Leading Museums, Museum Leaders

Simpson Desert Expedition

Technical Officers Anja Divijan and Janet Waterhouse and Mammals Collection Manager Sandy Ingleby on the Mitchell Highway to Charleville.  Source: Australian Museum Photo: Jo Stewart.

Brendan Atkins, Simpson Desert Expedition 2015: Introduction, Australian Museum Blog, 29 July 2015

Follow our scientists as they journey into one of the most remote areas on the planet.

Central Australia’s Simpson Desert is not the kind of place to attract many visitors, yet it teems with life – birds, mammals, reptiles and insects, all adapted to the extremes of the harsh and unpredictable Australian climate.

And that’s exactly what makes it so interesting to a group of Australian Museum Research Institute (AMRI) scientists, who this week set out on the first stage of an expedition to explore the area’s fauna, flora and cultural heritage.

Driving 2000 kilometres to Birdsville, the AMRI team – Mammals Collection Manager Sandy Ingleby and technical officers Anja Divljan and Janet Waterhouse – accompanied by freelance travel writer Jo Stewart, will meet up with Australian Desert Expeditions, who specialise in using camels as a unique and low-impact way to conduct scientific surveys in remote areas.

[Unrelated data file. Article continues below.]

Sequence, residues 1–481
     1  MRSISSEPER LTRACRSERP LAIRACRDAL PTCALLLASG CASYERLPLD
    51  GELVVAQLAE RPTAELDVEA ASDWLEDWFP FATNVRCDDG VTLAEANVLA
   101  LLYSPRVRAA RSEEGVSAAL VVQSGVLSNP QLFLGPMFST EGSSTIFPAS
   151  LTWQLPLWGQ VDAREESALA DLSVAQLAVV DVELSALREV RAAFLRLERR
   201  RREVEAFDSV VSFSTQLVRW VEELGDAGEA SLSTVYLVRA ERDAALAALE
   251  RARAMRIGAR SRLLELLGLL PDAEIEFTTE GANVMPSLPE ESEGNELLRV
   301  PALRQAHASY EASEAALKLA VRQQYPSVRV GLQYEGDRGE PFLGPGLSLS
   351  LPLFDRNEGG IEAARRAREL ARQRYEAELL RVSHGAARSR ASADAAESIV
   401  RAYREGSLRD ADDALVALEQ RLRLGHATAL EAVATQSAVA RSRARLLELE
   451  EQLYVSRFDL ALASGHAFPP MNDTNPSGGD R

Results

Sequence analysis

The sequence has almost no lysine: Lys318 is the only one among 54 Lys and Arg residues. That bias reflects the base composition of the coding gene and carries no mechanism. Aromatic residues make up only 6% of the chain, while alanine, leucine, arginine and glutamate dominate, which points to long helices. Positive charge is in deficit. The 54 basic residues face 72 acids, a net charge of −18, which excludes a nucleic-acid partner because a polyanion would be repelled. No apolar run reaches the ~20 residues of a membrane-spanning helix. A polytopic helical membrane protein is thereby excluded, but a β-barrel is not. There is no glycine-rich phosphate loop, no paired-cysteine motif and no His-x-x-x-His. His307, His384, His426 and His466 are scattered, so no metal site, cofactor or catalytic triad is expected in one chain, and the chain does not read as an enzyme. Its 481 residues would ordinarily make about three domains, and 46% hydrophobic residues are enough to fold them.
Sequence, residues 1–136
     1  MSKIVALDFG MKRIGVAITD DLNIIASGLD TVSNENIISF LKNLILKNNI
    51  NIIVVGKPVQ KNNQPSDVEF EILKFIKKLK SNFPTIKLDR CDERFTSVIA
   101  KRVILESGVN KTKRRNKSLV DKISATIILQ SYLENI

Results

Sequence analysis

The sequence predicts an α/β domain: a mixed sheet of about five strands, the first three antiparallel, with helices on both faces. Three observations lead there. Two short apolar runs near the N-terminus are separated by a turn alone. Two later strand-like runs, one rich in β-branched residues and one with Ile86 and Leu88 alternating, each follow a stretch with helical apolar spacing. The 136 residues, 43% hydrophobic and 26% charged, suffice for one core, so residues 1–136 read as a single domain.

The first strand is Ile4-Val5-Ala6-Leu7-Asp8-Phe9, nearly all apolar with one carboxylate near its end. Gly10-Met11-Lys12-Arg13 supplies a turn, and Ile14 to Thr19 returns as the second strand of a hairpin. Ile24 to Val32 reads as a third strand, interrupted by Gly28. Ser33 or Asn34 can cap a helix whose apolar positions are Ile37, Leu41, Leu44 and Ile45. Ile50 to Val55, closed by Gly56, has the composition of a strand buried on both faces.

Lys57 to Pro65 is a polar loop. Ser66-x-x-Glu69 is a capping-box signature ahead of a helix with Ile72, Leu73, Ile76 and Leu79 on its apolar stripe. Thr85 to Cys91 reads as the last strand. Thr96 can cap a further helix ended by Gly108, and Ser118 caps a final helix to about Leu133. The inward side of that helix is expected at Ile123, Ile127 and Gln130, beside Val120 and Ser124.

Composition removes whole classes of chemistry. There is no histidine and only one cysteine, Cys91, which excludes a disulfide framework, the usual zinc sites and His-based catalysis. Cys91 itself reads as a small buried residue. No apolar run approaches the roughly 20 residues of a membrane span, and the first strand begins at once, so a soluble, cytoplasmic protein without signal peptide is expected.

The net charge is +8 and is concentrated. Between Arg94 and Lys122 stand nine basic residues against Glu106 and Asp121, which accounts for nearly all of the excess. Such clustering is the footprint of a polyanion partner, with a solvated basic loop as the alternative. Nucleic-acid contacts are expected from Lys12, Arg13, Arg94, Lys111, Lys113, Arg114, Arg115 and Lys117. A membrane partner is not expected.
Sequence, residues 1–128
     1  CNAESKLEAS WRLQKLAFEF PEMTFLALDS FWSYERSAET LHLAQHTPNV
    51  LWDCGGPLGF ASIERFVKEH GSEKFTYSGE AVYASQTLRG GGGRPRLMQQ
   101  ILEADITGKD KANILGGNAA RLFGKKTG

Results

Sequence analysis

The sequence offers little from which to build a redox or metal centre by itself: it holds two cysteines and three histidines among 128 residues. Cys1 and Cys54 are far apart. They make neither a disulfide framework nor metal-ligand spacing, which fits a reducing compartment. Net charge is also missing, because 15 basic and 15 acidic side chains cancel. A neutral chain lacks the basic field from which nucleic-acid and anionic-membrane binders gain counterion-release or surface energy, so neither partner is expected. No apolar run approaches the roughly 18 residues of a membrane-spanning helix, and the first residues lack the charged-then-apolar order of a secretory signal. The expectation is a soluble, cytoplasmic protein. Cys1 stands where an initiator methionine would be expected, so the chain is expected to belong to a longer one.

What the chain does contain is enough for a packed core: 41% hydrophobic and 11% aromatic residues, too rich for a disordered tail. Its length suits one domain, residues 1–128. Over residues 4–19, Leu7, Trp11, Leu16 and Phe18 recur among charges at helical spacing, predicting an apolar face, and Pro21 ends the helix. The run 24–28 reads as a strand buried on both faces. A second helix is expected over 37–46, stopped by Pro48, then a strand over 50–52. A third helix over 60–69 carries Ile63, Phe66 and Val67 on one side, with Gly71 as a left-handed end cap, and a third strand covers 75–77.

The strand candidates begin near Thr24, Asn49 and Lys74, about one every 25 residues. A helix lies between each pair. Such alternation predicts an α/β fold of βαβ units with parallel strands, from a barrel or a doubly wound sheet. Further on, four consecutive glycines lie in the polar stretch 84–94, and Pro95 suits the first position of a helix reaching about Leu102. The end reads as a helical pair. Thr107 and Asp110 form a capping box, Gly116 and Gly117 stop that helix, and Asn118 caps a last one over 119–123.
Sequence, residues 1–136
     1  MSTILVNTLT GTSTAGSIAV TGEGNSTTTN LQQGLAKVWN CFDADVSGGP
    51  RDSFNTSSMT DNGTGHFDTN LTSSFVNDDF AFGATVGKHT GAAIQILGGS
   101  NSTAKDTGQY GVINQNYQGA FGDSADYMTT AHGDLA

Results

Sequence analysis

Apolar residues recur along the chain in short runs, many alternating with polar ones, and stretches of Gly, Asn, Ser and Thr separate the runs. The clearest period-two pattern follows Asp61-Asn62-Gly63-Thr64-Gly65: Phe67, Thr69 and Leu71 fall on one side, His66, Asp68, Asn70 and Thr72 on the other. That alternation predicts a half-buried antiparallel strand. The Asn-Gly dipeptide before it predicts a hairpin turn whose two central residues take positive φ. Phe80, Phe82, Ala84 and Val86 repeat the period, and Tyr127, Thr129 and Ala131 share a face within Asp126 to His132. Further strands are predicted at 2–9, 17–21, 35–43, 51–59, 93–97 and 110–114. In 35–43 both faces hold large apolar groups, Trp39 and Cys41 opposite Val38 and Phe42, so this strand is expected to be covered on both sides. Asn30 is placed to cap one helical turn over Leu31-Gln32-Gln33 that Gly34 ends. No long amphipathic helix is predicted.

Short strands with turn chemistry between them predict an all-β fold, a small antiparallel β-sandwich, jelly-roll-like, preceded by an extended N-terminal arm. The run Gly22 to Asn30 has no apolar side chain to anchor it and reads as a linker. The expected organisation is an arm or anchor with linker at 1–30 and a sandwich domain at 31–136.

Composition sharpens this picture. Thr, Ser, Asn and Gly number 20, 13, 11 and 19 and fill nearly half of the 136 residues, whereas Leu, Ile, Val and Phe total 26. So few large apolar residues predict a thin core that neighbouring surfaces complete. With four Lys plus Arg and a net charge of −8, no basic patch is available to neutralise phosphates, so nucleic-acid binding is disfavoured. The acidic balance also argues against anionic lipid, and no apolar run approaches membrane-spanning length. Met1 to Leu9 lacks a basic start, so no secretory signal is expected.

Together they’ll travel to Munga-Thirri National Park in the East Simpson Desert – the world’s largest parallel sand-ridge desert – for some quality field time.

Sandy and Anja aim to gain a better understanding of the area’s mammals, like the Bilby, along with species so rare that few have even heard of them: the Brush-tailed Mulgara, Kowari, Fawn Hopping Mouse and Kultarr. They’ll also be on the lookout for pest species like foxes and feral cats.

Janet will sample the area’s insect fauna, which is virtually unknown, and expects to collect many species new to science. She’ll be using a variety of techniques from pitfall trapping for crawling terrestrial arthropods (ants, beetles and spiders) to malaise trapping for flying insects such as butterflies, moths, wasps and flies.

Using a mobile solar-powered battery charger for her various cameras and computers, and a satellite phone with the data capability of 1990s dial-up internet, Jo will supply a daily trickle of images and stories to Alice Gage, our Digital Marketing Coordinator in Sydney, for uploading to the Museum’s social media channels throughout the 25-day trek.

So now you can follow the journey with regular postings here on the Museum’s blog page, TwitterInstagram and Facebook channels using the #AMexpedition hashtag.

The Australian Museum Simpson Desert Expedition is funded by a grant from the Australian Museum Foundation.

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